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Power rankings: Our top five southern hemisphere locks

Power rankings: Our top five southern hemisphere locks

Eben Etzebeth Player of the Series locks

Most teams have imposing towers of strength in their second row, but only a select few can boast locks who can single-handedly drag a team up to their level.

The perfect lock needs to excel in their set-piece responsibilities, both at the lineout and the scrum.

But they also need to bring limitless aggression, a powerful carrying ability and an unfailing engine to zip from breakdown to breakdown.

Here are our five picks for the five best locks the Southern Hemisphere has to offer.

1. Eben Etzebeth

This World Cup winner ticks all the boxes and made an immediate impression on his debut for Cell C Sharks.
After doing his best impression of a heavy-duty bulldozer on international duty in the Rugby Championship, Eben Etzebeth finally made his URC bow against Glasgow Warriors in mid-October.
Etzebeth scooped the Player of the Match gong in a comfortable 40-12 win to underline his status among the top locks on the planet.
New head coach Sean Everitt pronounced him one of the best players in the world for the way he slotted in seamlessly to dominate the scrum, lineout and anyone unfortunate to be tackled by the giant.
The Springbok is in the prime of his career and it takes a very brave defender to stop the rampaging forward.

2. Sam Whitelock

Sam Whitelock has been one of New Zealand’s most consistent performers over the last decade and was rewarded with the temporary captaincy for the conclusion of the Rugby Championship.

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That title-winning 40-14 win over trans-Tasman rivals Australia was Whitelock’s 34th Bledisloe Cup appearance, and one where he crossed for his seventh try in 140 caps.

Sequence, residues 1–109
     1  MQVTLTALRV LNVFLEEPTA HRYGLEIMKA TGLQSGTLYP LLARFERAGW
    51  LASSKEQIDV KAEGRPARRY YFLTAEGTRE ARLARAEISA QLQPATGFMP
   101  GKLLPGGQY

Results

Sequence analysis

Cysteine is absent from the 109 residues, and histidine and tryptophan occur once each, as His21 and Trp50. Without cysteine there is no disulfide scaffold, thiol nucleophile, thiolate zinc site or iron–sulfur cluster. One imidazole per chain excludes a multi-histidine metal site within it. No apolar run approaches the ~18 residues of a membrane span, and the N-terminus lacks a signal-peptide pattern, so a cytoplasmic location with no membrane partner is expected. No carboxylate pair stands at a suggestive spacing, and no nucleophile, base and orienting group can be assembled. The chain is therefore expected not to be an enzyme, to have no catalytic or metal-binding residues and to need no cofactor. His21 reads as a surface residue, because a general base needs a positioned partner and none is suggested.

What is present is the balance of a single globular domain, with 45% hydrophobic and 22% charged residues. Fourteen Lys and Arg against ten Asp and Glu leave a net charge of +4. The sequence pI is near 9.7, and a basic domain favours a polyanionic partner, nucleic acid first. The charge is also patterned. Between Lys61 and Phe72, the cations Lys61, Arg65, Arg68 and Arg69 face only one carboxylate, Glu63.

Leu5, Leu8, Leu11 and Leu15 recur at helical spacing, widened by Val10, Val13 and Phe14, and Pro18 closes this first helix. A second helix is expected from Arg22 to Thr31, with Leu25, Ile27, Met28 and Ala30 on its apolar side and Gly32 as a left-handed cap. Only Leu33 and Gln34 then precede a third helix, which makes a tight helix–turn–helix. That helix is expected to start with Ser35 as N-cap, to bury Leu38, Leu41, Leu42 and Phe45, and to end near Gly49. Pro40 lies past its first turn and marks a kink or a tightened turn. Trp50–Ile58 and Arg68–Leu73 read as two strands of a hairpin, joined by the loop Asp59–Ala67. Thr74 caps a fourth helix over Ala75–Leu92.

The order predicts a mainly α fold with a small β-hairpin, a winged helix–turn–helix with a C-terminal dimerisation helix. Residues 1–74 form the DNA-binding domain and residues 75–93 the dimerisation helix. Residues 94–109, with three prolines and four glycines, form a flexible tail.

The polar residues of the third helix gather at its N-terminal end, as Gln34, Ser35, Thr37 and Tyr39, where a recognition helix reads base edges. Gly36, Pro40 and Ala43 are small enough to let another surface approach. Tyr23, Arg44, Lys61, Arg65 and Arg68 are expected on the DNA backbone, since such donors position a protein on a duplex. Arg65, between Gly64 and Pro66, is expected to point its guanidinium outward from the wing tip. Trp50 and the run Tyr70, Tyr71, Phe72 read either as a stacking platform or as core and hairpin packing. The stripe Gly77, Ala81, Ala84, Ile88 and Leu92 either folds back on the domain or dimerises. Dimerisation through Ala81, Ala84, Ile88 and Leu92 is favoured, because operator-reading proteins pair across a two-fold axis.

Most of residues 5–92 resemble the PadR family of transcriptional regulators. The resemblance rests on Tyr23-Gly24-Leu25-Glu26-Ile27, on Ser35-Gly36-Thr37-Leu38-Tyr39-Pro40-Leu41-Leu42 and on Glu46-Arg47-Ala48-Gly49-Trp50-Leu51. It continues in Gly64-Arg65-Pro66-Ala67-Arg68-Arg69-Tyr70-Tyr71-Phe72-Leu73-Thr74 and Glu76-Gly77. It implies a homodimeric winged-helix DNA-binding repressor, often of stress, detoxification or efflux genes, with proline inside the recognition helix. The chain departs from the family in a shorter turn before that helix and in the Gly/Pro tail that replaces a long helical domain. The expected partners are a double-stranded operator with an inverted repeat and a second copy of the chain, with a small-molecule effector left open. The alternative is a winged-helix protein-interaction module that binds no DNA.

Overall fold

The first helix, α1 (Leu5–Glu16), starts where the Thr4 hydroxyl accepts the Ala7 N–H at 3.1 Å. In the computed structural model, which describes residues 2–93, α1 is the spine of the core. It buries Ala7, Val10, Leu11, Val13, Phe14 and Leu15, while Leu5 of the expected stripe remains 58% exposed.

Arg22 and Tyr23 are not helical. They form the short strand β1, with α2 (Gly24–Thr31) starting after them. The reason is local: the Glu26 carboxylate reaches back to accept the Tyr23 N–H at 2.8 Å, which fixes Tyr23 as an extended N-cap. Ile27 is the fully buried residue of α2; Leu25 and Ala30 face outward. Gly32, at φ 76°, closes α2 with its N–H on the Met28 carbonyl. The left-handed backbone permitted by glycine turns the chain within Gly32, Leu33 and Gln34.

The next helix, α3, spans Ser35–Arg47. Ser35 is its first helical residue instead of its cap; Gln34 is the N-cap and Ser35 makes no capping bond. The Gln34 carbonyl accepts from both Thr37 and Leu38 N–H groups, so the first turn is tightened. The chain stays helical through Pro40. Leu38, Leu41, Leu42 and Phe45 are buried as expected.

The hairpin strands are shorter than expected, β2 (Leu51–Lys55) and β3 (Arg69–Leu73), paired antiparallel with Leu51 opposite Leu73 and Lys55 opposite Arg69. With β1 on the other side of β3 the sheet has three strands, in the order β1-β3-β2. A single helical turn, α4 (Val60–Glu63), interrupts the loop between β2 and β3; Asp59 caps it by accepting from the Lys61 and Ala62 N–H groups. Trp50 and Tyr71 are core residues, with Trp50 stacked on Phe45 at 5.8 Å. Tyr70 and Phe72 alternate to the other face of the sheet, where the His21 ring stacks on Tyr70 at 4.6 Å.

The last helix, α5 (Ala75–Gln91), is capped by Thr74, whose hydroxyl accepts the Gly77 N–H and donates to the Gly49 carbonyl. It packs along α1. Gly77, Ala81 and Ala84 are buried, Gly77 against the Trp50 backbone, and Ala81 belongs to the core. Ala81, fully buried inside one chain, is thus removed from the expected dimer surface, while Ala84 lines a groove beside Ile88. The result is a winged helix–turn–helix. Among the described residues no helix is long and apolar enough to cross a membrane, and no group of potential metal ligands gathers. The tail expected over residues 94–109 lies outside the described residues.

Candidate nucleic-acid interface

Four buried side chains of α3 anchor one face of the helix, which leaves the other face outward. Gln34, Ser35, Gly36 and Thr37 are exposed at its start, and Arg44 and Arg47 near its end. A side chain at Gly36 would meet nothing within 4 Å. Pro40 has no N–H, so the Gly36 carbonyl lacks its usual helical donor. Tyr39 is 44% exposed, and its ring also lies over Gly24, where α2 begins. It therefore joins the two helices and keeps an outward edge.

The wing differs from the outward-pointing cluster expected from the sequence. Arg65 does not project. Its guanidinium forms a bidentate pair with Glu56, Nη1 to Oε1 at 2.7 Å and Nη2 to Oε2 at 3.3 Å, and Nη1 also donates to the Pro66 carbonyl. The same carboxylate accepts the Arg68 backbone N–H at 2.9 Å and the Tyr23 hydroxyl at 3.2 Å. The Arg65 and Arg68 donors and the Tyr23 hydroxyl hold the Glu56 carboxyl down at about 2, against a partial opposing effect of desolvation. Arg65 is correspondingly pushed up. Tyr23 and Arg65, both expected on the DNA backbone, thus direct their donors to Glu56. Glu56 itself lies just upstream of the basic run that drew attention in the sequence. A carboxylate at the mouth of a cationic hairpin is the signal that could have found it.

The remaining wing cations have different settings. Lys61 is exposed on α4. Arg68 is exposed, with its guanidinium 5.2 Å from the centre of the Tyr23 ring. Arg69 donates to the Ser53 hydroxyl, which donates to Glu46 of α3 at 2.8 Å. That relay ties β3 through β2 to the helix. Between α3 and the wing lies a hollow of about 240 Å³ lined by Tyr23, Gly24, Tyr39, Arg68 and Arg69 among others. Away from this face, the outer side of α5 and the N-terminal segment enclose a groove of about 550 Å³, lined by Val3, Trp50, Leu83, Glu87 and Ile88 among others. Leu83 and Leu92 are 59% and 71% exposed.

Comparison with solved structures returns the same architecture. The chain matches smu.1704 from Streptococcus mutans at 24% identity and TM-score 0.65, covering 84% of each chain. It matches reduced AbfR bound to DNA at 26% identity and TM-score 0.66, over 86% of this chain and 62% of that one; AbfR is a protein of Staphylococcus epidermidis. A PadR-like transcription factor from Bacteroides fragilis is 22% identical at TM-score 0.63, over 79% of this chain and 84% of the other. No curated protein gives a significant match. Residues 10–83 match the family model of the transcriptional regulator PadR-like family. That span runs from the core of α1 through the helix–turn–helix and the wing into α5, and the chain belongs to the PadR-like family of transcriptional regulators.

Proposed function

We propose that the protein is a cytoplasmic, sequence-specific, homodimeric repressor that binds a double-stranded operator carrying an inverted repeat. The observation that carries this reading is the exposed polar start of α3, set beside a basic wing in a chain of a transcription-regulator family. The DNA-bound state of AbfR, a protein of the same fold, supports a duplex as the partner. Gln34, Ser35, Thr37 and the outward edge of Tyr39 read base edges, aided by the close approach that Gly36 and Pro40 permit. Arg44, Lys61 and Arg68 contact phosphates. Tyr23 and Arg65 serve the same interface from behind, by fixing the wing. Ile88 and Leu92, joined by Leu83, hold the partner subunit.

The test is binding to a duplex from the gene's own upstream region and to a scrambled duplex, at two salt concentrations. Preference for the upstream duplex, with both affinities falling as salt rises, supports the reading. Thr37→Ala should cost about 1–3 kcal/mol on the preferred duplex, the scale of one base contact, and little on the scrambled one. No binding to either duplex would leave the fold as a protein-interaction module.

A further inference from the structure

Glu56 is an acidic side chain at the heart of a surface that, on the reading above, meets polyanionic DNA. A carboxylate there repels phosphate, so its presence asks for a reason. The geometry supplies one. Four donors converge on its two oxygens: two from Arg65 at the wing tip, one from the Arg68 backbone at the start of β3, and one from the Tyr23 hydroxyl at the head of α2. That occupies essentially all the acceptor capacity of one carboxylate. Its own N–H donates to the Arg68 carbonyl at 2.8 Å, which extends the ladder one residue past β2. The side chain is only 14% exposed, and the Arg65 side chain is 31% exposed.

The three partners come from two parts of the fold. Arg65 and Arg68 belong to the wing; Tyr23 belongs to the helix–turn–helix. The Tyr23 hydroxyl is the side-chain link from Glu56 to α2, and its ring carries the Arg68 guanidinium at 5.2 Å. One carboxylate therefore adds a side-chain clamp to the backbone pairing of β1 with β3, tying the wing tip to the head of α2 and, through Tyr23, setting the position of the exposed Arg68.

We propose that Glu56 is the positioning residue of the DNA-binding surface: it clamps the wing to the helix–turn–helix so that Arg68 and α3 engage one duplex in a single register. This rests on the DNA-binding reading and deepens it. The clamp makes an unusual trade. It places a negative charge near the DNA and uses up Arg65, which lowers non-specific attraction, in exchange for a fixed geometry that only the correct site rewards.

Only Richie McCaw can better Whitelock’s Bledisloe Cup record and no duo can compete with his remarkable partnership with Brodie Retallick.

The pair have now started 63 Test matches together in the second row – a world record.

And Whitelock now has McCaw’s all-time New Zealand appearance record in his sights.

3. Will Skelton

With Darcy Swain left out after his suspension, Will Skelton is racing full-pelt to replace the 25-year-old in this year’s Autumn Nations Series.

While it might seem premature to include a player who has not played any international rugby this year, and last started a Test back in 2015.

But such has been Skelton’s form at club level, first for Saracens and more recently for La Rochelle, that it is fair to assume that he will be able to carry that into the Test arena.

If you want to know how good he is, just ask Leinster. Skelton has been part of the team that beat them in the 2019 and 2022 Champions Cup finals, as well as the semi-final in 2021. And in last year’s final in Marseille, his ability to dominate the Leinster pack physically, despite coming into the game with almost no rugby in his legs, was the deciding factor in La Rochelle’s upset win.

Dave Rennie will be hoping for more of the same on Australia’s gruelling Autumn Nations Series schedule.

4. Tomas Lavanini

Infamous for being a perpetual yellow card risk, Tomas Lavanini might have turned over a new leaf in this year’s Rugby Championship.

The Clermont lock retained his usual physicality throughout his six starts for Los Pumas, but tempered it with a measure of control.

Argentina

It took a mammoth defensive effort to repel the All Blacks at the end of August and Lavanini was central to the historic win.

Over the whole campaign, Lavanini made 66 tackles and 44 carries to boost Michael Cheika’s side to just one point behind the Wallabies in the final table.

5. Brodie Retallick

Brodie Retallick has not had the most straightforward of calendar years, suffering a broken thumb and cheekbone in March and July respectively.

But the 31-year-old is made of strong stuff and returned to start New Zealand’s pair of Bledisloe Cup triumphs.

His return to fitness coincided with the All Blacks’ best performance of the Rugby Championship in the decisive showdown at Eden Park.

Ian Foster will desperately need his two locks to be on top form when they take on Japan, Wales, Scotland and England.

Honourable mentions

Etzebeth’s partner Lood de Jager is unfortunate to miss out after posting impressive tackle and lineout statistics, while Argentina’s Matias Alemanno deserves a mention too. Rory Arnold impressed for Dave Rennie, but won’t feature internationally in the autumn because of Japanese club duties. Samoa’s Theo McFarland is a stunning rugby player and if it were not for his prowess at blindside, would easily make this list.

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